Wednesday, May 27, 2009

Staying Mentally Strong: # 6 Examine Your Habits

Yesterday, I had some free time and spent it at a bookstore. I perused a new book: The End of Overeating by David Kessler. One of the things brought up in the book was the idea that habits really help us -- they let us get things done without having to expend mental energy to accomplish them. This frees up space in our brains to attend to other tasks.

We can see this in the example of riding a bike. When we learn to ride, it takes all our concentration to stay on the bike and make it go where we want at the speed we intend. With practice, all this becomes automatic. Eventually, we can take a relaxing bike ride in which we don't think about the mechanics of riding at all. Our brains have learned the bike riding habit and it has become something we don't have to think consciously about. We can think about other things while we ride. We do the same thing with driving a car, washing dishes, penmanship, even reading a book.

We have daily habits that work the same way. Dressing for the day is automatic. We don't have to concentrate to get the clothes on, and we usually do it while thinking of other things. Eating three meals a day is a similar habit.

Taking a little extra time to examine our daily habits can sharpen us mentally, because good automatics make life run smoother and accomplish tasks that we don't have to consciously take time for. Then we are free to use that mental energy for other needs.

Sometimes the shift we need to make is simple, small, and easy to accomplish. This was often the case for me.

Here are two stories to illustrate:

Getting Things Together In One Place

Since we live in Pennsylvania, we have to turn in annual portfolios of our students' work. One of the things that was so time-consuming for me was finding the school work. I know this sounds ridiculous. I mean, where could it be? Well, all I can say, is you would be surprised at what can happen to paper when you live in a busy household with two lively boys and two cats. We tried several approaches to the problem. I tried to put the papers away each day. That didn't work too well, because I had too many distractions. Next, I gave that job to the boys. That didn't work too well because they forgot and I had too many distractions. Next, I tried to put the work in plastic crates and occasionally stuff it into their portfolios. That was better, but the cats loved the crates and did things in them and the boys spilled stuff in them and so on. I didn't do the filing as often as I should. The boys forgot to put dates on their papers, and I forgot to check to see that dates were on the papers. They forgot to put page numbers on the papers. Later we had trouble identifying which exercises in the book went with those particular answers. There were a lot of papers that never found their way into the crates at all. I kept thinking: what's the matter with me? This should be simple. Do I not have a shred of discipline? But lecturing myself and setting new resolutions like this year I will absolutely not sleep until every page is in the portfolio didn't help.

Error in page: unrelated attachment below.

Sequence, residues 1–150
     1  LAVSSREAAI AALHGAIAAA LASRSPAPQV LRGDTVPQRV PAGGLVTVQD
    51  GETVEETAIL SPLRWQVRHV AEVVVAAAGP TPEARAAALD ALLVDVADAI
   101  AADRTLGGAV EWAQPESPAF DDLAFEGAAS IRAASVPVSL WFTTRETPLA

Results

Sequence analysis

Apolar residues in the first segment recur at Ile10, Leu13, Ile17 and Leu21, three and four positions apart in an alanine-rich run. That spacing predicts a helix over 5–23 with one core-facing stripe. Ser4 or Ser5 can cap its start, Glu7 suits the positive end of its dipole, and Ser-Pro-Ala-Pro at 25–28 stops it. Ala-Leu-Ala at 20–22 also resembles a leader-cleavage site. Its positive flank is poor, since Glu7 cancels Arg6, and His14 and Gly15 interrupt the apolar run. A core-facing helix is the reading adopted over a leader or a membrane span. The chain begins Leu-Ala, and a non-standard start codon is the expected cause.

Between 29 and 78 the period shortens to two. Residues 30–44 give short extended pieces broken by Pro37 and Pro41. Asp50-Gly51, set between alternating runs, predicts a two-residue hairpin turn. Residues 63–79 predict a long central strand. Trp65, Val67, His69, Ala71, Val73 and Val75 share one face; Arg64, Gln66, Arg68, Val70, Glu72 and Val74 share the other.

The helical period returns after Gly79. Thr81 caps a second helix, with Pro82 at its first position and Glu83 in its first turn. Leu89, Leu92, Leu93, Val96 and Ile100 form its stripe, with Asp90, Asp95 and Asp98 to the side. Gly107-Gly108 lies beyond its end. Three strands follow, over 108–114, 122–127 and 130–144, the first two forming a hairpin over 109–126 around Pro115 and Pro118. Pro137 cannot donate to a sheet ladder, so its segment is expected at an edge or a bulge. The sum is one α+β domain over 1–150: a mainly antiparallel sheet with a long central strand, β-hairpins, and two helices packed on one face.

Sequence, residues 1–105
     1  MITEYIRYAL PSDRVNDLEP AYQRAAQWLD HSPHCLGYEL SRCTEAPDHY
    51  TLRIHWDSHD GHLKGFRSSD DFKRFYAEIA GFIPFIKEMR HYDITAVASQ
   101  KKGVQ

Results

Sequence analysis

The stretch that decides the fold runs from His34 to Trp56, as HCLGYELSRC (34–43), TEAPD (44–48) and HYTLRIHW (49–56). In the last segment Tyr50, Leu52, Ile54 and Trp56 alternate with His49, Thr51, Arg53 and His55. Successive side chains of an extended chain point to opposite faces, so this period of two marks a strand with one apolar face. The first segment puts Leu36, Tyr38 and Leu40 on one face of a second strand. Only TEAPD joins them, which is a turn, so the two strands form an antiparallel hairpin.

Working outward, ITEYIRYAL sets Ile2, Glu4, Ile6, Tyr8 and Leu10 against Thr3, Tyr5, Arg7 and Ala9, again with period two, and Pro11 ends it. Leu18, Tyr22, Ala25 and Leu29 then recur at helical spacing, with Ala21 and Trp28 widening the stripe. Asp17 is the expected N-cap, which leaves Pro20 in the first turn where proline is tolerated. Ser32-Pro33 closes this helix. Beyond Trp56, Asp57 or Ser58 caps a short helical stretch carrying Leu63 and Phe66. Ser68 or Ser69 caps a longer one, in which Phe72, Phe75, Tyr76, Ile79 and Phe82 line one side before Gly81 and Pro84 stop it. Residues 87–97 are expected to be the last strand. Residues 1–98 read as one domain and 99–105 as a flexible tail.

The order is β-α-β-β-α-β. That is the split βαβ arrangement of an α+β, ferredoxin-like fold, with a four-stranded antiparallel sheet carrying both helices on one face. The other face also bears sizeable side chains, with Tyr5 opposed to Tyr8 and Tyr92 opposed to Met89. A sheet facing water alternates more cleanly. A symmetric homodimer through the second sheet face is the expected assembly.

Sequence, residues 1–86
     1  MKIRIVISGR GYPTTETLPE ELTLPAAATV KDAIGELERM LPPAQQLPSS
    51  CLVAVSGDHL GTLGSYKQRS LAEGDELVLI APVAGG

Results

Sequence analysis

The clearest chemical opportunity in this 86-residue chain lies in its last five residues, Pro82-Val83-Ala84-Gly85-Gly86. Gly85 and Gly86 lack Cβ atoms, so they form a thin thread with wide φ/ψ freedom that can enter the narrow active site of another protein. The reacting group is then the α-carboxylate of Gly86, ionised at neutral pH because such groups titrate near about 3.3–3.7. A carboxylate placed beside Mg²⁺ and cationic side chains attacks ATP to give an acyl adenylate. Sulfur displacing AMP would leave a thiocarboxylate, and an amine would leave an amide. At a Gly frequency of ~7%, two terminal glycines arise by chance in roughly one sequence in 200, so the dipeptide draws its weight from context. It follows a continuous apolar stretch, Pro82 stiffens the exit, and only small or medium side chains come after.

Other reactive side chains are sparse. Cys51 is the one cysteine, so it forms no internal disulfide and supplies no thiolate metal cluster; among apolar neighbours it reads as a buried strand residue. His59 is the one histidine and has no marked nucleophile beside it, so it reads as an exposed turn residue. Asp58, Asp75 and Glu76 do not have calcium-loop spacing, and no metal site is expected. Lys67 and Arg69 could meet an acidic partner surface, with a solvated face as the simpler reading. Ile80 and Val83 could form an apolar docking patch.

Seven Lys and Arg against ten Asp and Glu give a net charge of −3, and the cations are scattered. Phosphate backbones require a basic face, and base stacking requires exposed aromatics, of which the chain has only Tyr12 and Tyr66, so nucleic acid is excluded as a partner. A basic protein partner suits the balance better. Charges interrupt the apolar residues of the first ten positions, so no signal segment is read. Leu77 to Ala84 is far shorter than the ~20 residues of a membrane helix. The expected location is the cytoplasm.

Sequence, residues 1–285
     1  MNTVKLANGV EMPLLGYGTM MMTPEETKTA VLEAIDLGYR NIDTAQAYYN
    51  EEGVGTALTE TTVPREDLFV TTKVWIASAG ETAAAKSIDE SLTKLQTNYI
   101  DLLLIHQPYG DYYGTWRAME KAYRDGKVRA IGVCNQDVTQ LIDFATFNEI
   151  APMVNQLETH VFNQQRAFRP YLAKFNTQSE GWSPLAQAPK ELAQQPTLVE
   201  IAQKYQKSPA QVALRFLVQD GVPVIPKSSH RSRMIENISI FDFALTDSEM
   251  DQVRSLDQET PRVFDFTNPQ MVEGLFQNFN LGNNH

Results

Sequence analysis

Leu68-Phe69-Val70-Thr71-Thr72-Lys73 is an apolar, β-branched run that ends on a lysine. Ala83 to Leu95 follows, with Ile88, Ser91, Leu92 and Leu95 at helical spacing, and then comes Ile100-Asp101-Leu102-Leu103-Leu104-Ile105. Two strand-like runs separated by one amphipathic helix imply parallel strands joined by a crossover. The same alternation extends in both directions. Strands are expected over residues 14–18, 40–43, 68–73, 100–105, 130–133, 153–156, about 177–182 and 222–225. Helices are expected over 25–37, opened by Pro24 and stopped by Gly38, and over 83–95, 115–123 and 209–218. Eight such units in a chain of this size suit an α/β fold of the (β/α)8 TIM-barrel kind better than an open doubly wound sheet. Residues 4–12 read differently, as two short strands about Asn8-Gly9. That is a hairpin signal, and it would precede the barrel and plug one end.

What did help was a new habit. After seven years of this, I had a revelation. That day I went to Wal-mart and bought a small spiral bound notebook for 79 cents for each subject. Every time one of my boys did an assignment, he wrote in the notebook -- if it was humanly possible. This meant that all the papers were attached and stayed in one place, in spite of the way our cats tried to tear the pages out of the notebooks. It meant that the pages were in chronological order, so when a date was missing or the page number was missing, I could quickly tell which exercise the answers were for and what date the work was done. We also discovered spiral bound notebooks with pages that were perforated so we could tear them out cleanly and neatly when we wanted to place them in a three-ring binder for the portfolio. The remaining work which could not be done in the spiral bound notebooks was a smaller amount and easier to keep up with. I did absolutely no extra work to make this happen, and it saved hours of work and anguish.

Personal Time

Throughout my homeschooling experience, finding time for personal Bible study and planning was a challenge. The thing that finally helped me most was a new habit. I moved our reading period to the early morning. The boys and I arranged the first part of the day for this routine: they would have a bowl of cereal and then start reading their books. They read for an hour every day. This became their favorite part of the day, and it meant that they were able to read widely and deeply. In their high school years alone, they each read 100 classics. The reading time became a kind of sanctuary to all of us. We never answered the phone at that hour. There were no visitors at the door at 8:00 a.m. I used the time to read my Bible and get ready for the day. My Bible stayed at my teacher's desk, so it became an integral part of my daily preparations. As I developed the habit of using that hour in this way, my struggles with finding daily time for Bible reading and planning evaporated. A new habit, which seemed effortless before long, had solved my problems.

What are the automatics of your day -- the ways you do things without thinking consciously? Are they working well for you?

1 comment:

  1. Since I have just compiled my portfolios (and I TOO am in PA...what part are you in?)

    I completely relate to your post...and I DO have an organized filing system...LOL...and the papers STILL get lost!

    Thanks for sharing your experiences with us even though you are no longer in the trenches wonderful that the Lord has led you to reach out and uplift those of us who still are!


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